Export (0) Print
Expand All

Add-In Registration 

After an add-in is created, you must register it with Visual Studio before it becomes available for activation in the Add-In Manager. This was done in previous versions of Visual Studio by using registry keys, but this is now accomplished by using an XML file.

NoteNote

The .Addin file is created automatically when you create an add-in by using the Add-In Wizard. The following information applies only if you want to manually create or edit the add-in's registration file.

In Visual Studio .NET 2002 and Visual Studio .NET 2003, you were required to register add-in assemblies with Windows as COM components by using the Assembly Registration Tool (regasm.exe). Also, you were required to register the add-in with Visual Studio by using keys in the Windows registry before the add-in would appear in the Add-In Manager.

These steps have changed in Visual Studio 2005. You no longer need to register the .NET assemblies with Windows by using regasm. Instead, you simply place the assembly .DLL file into a specific directory (described later in this topic) along with an XML file that has an .Addin file extension. This XML file describes the information that Visual Studio requires to display the add-in in the Add-In Manager. When Visual Studio starts, it looks in the .Addin File location (listed below) for any available .Addin files. If it finds any, it reads the XML file and provides the Add-In Manager with the information needed to start the add-in when it is clicked.

This simplified registration method allows XCopy-style installations for managed code add-ins. If you put all the files in the right place, then your add-in works just fine. Also, its use of commented XML to define the registration settings for add-ins allows the information to be more easily understood and edited than registry keys.

The .Addin File

A new XML file with the extension, .Addin, replaces the old add-in registry settings. Two copies of the .Addin file are automatically created upon completion of the Add-In Wizard:

.Addin File location .DLL File Location Description

Addin folder

(for example, \Documents and Settings\All Users\My Documents\Visual Studio 2005\Addins)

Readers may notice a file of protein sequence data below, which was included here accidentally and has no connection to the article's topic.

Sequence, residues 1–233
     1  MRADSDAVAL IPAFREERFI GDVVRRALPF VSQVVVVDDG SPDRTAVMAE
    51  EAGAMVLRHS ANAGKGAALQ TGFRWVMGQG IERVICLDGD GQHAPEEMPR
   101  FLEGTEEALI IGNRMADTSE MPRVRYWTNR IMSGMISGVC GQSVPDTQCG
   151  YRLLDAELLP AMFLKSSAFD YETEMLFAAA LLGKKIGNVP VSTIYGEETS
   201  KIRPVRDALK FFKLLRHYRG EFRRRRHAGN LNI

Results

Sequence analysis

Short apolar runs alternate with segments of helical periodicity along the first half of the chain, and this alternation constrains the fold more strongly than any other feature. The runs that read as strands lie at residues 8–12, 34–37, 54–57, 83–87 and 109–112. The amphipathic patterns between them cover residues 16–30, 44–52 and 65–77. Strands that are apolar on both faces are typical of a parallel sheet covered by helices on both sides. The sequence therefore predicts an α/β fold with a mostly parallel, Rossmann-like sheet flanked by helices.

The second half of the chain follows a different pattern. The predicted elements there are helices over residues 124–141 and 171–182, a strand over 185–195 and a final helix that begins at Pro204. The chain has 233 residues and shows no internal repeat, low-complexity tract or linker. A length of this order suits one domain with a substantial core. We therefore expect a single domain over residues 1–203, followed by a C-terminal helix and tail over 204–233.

-or-

\Documents and Settings\<user name>\My Documents\Visual Studio 2005\Addins)

Project debug folder

(for example, \My Documents\Visual Studio Projects\MyAddin1\MyAddin1\bin)

Used for running the add-in in the debugging environment. Should always point to the output path of the current build configuration.

Root project folder

(for example, \My Documents\Visual Studio\Projects\MyAddin1)

Local path (MyAddin1.dll)

Used for deployment of the add-in project. It is included in the project for ease of editing and is set up with the local path for XCopy-style deployment.

The .Addin XML file is split into the following tagged sections:

Setting Description

Host Application

(Required.) Specifies the names and version numbers of the applications that can load the add-in.

Assembly

(Required.) Specifies the location of the add-in binaries. This field can be set to a local path, a network path, or a valid URL.

Full Class Name

(Required.) Specifies the name of the class used to connect to the add-in.

Load Behavior

(Optional) Defines whether an add-in is loaded at startup or manually.

Command Preload

(Optional) Specifies the add-in's preloaded state, that is, whether or not the add-in should create its user interface (UI) by using a method such as EnvDTE.Commands.AddNamedCommand(EnvDTE.AddIn,System.String,System.String,System.String,System.Boolean,System.Int32,System.Object[],System.Int32).

Command Line Safe

(Optional) Specifies the Visual Studio modes with which the add-in is compatible, such as command line only, integrated development environment (IDE) only, or both.

Following are details for each setting.

Host Application

The Host Application's <Name> tag contains the name of the application. This is the name displayed in the title bar of the application or returned by DTE.Name. So, for example, for Visual Studio, the tag would contain "Microsoft Visual Studio," and for the Macros IDE, the tag would contain "Microsoft Visual Studio Macros."